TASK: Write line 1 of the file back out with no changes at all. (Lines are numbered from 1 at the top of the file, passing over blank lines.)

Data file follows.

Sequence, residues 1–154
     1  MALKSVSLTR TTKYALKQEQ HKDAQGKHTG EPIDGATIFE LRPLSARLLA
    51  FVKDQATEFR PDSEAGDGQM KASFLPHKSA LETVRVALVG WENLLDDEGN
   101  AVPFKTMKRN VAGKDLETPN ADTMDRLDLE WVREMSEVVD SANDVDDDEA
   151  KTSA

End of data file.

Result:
Sequence, residues 1–154